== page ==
At least your jujitsu background helps :cool:
  10. koyo

    koyo Passed away, but always remembered. RIP.

    :yeleyes::yeleyes::yeleyes: Who would teach like that?

    regards koyo


    Sounds to me that the instructor gave you an idea of what Judo is. Then showed how it applies standing then showed groundwork. Next uchi komi showing you how to move. ALL good.

    regards koyo
    Last edited: Jun 10, 2008
  11. Polar Bear

    Polar Bear Moved on

    Yeah. Your on a padded mat for god sake. The worst thats going to happen is you get abit winded. It's better to learn to fall from applied technique than roll around.

    The Bear.
  12. Yohan

    Yohan In the Spirit of Yohan Supporter

    I dunno, we spend our first class on breakfalls in my Judo class.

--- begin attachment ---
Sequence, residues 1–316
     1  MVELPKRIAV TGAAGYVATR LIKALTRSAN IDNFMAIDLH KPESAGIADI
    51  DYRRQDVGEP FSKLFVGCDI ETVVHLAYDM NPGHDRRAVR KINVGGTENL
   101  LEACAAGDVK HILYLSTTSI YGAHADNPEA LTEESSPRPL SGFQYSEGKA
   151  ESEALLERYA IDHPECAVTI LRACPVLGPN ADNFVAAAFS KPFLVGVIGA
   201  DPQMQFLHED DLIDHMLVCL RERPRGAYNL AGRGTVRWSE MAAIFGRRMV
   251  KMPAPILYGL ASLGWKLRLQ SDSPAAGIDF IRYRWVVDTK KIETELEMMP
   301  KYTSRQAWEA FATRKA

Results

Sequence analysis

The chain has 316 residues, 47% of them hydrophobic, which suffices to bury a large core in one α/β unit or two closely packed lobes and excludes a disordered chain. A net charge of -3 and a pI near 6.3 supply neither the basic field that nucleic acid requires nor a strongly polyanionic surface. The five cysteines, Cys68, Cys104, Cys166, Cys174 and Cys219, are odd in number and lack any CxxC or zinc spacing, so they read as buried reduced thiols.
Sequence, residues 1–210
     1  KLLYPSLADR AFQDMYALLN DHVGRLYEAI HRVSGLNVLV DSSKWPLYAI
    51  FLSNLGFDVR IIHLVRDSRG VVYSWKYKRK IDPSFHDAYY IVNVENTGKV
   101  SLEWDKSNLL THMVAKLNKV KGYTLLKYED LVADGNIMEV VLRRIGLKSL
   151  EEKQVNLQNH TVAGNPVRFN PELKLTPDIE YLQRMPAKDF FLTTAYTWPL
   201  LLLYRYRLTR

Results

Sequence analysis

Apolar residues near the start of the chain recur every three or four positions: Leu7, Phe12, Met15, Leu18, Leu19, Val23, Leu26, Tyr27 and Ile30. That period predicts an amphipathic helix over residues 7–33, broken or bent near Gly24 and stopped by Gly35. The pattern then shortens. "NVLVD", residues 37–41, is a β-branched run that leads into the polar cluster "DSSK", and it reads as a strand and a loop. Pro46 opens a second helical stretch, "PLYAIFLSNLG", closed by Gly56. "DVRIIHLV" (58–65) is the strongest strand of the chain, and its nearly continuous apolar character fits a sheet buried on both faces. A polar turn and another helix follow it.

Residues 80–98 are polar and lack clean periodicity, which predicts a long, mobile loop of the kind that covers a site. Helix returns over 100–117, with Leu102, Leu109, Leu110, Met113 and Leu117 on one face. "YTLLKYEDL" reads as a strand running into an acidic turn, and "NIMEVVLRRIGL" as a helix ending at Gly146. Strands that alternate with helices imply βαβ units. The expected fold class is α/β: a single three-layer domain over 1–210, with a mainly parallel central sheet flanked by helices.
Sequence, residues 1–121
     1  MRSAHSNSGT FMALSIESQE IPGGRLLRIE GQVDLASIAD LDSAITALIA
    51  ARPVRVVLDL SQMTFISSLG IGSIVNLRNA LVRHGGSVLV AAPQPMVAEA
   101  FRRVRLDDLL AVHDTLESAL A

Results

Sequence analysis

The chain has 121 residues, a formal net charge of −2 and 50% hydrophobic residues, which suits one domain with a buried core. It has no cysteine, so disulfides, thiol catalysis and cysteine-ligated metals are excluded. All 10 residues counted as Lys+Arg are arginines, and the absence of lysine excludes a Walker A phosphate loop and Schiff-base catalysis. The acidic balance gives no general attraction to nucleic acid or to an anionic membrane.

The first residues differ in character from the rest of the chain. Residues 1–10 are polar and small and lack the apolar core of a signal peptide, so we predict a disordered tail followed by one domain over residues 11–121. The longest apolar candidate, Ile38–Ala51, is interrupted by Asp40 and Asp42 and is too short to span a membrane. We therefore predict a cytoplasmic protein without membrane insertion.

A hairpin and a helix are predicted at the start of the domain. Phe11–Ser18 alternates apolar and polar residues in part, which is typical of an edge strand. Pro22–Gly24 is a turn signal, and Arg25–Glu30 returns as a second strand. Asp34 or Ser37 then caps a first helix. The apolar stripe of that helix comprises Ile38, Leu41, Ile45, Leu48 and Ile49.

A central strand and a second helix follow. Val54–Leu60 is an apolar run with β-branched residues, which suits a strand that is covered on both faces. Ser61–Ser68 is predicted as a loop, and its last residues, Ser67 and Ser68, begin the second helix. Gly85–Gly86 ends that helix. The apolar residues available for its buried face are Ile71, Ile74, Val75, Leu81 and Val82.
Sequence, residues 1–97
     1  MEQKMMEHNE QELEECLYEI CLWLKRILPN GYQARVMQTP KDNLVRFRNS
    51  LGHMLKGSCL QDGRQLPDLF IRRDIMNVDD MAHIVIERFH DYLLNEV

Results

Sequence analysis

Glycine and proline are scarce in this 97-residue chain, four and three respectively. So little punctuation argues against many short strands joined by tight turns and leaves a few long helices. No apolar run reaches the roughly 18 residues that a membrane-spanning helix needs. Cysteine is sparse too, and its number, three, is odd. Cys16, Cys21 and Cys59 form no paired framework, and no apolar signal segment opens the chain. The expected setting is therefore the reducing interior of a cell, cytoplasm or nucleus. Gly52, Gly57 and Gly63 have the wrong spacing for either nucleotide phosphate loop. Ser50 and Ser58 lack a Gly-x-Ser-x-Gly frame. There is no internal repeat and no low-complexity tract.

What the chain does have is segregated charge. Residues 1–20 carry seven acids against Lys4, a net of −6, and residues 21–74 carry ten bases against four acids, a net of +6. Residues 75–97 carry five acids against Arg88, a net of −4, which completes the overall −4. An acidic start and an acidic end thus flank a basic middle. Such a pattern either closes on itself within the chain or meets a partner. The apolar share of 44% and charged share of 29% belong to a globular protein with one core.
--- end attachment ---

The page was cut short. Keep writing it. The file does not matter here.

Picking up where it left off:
13. Polar Bear

    Polar Bear Moved on

    I used to do it in some Aikido clubs, personally I just saw it as a conditioning exercise rather than the practice of breakfalls.

    The Bear.
  14. koyo

    koyo Passed away, but always remembered. RIP.

    THose were not aikido clubs. :)

    Why not tell them that your learning of breakfalls included a punch in the mouth or a knee in the gut to help you on your way?

    regards koyo

    To be fair all of my guys are cross trainers with years of experience and the Bear dispite what you maythink is a gentleman BUT powerful and TAS.
    tough as..
    Last edited: Jun 11, 2008
  15. Polar Bear

    Polar Bear Moved on

    heh heh ain't that the truth.

    Or that you can't roll out of a properly applied technique, you just have to splat with style (or without in my case).

    The Bear.
  16. Shiho-Nage

    Shiho-Nage I'm okay to go.

    What's the worst that could happen? Muscle pulls/tears, dislocations, concussion, bone breaks.